Jailed academic rejects offer to spy for Iran

Updated 21 January 2020

Jailed academic rejects offer to spy for Iran

LONDON: An academic currently imprisoned in Iran on charges of espionage has reportedly refused an offer to become a spy for Tehran in return for her freedom.

Kylie Moore-Gilbert, a UK-Australian dual national, made the revelation in a series of letters handed to The Times that were smuggled out of Evin prison, located in the north of the capital, where she is serving 10 years.

In the letters, addressed separately to a Mr. Vasiri, believed to be a deputy prosecutor in the Iranian judiciary, and a Mr. Ghaderi and Mr. Hosseini, who are thought to be officers in the Islamic Revolutionary Guard Corps (IRGC), Moore-Gilbert stated in basic Farsi that she had “never been a spy, and I have no intention to work for a spying organization in any country.” 

She added: “Please accept this letter as an official and definitive rejection of your offer to me to work with the intelligence branch of the IRGC.”

Moore-Gilbert, a lecturer in Islamic studies at the University of Melbourne in Australia, was arrested in 2018 after attending a conference in Tehran. 

She was tried and convicted in secret, and her letters implied that she had been kept in solitary confinement in a wing of Evin prison under the IRGC’s control.

It is reportedly the same wing being used to detain UK-Iranian Nazanin Zaghari-Ratcliffe, also incarcerated for espionage, and away from the all-female cellblock that Moore-Gilbert was meant to have been housed in.

The letters catalog a series of other mistreatments and inhumane conditions, suggesting she had been permitted no contact with her family, and that, having been denied access to vital medication, her health was deteriorating.

She also suggested that she had been subjected to sleep deprivation methods, with lights in her cell kept on 24 hours per day, and that she was often blindfolded when transported.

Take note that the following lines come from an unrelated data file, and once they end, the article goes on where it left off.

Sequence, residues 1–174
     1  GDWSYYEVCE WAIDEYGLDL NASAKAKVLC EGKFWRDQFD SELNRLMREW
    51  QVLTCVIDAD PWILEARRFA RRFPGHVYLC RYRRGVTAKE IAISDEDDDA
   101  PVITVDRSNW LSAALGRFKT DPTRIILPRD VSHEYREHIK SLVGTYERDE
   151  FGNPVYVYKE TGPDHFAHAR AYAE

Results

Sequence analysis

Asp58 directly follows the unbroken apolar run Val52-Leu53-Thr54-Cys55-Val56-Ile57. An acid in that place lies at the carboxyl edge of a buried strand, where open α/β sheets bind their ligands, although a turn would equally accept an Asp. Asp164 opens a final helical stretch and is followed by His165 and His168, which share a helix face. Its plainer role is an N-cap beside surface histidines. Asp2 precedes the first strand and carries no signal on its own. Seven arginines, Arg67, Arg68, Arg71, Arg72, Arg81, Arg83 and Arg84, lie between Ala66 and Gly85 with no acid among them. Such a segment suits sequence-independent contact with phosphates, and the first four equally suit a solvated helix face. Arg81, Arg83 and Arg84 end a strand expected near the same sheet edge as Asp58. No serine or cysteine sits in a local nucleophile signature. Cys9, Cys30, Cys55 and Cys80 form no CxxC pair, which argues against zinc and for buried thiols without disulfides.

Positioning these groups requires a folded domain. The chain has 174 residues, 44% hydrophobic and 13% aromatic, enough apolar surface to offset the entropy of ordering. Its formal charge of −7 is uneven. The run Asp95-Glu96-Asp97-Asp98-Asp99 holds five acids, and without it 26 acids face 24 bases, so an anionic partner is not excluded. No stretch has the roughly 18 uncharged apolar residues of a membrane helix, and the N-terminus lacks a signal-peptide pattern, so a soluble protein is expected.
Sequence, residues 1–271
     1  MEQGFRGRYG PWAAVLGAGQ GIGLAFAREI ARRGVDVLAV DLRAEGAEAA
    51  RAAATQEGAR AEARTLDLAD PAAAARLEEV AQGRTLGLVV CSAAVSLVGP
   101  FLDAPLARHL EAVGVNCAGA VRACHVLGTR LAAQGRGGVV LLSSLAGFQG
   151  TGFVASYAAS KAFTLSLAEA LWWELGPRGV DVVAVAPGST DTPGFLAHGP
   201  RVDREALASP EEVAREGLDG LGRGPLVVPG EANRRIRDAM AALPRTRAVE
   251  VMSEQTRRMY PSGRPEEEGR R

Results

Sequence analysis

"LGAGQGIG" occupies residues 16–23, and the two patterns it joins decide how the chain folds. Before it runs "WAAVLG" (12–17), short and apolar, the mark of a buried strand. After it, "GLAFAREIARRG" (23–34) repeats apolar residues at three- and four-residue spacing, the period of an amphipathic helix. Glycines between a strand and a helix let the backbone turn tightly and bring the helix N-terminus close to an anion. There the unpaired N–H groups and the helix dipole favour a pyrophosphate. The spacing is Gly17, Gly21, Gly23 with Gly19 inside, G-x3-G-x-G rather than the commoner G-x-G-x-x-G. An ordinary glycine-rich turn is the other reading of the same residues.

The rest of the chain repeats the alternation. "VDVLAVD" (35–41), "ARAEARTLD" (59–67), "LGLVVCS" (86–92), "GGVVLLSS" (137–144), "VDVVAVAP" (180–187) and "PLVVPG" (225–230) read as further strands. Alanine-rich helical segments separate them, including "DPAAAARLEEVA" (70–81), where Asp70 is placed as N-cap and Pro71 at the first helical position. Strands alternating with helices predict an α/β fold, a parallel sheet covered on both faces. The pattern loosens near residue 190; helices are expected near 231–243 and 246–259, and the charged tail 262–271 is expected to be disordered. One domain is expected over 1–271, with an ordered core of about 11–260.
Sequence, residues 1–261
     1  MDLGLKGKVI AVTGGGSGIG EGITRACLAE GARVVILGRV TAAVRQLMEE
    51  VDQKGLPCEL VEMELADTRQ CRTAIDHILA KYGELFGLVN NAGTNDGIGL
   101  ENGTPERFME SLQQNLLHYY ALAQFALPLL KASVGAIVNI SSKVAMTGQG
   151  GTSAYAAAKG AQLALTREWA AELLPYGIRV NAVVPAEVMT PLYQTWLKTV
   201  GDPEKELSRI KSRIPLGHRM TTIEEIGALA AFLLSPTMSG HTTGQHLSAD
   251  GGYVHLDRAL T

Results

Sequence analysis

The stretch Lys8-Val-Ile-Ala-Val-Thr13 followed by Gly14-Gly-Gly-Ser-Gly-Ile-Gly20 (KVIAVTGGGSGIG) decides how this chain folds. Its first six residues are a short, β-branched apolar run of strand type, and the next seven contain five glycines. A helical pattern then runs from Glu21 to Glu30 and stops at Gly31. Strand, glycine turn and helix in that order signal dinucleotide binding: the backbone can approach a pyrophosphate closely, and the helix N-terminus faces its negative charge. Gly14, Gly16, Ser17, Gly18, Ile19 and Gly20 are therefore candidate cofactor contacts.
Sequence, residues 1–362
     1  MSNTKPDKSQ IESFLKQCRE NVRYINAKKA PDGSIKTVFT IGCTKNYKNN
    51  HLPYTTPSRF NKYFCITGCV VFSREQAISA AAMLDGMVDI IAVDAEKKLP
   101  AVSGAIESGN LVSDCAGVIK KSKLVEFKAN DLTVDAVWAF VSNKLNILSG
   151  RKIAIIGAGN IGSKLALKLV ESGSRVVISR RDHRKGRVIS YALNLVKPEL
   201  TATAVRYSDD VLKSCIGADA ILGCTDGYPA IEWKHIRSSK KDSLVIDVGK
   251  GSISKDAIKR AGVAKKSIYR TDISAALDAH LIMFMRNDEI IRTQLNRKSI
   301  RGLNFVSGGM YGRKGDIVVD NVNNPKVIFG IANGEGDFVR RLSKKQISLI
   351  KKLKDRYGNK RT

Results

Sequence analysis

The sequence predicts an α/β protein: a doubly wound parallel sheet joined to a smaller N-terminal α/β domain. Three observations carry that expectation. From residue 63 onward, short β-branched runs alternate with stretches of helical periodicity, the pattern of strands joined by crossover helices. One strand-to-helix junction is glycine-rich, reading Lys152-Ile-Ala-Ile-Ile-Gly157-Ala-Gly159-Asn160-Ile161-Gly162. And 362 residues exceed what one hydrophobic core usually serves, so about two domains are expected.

“It is clear that IRGC Intelligence is playing an awful game with me. I am an innocent victim,” she wrote.

Australian Foreign Minister Marise Payne met with her Iranian counterpart Mohammad Javad Zarif in India last week, where the case was discussed.

Iran’s Foreign Ministry later issued a statement claiming that the country would not “submit to political games and propaganda” over the issue.

This comes at a time when international pressure has ratcheted up on the regime in Tehran following the downing of a Ukrainian passenger plane over the capital on Jan. 8. 

Mass demonstrations nationwide followed the news that the plane had been shot down by Iranian forces. 

Olympian defects to Germany

Meanwhile, Iran’s only female Olympic medalist, Kimia Alizadeh, announced that she would not return to the country, citing her refusal to continue to be used as a “propaganda tool.”

She wrote of her decision on Instagram: “I wore whatever they told me and repeated whatever they ordered. Every sentence they ordered I repeated. None of us matter for them, we are just tools.”

It was revealed on Jan. 20 that the taekwondo martial artist, who had been living and training in Eindhoven in the Netherlands, had elected to move to Hamburg in Germany, for whom she will now compete.

Alizadeh’s defection is just one in a series of high-profile acts of defiance by Iranians outraged by the actions of the regime.

At least two journalists working for Iranian state-owned TV channels are known to have resigned their positions in protest.

One, news anchor Gelare Jabbari, posted on Instagram: “It was very hard for me to believe that our people have been killed. Forgive me that I got to know this late. And forgive me for the 13 years I told you lies.”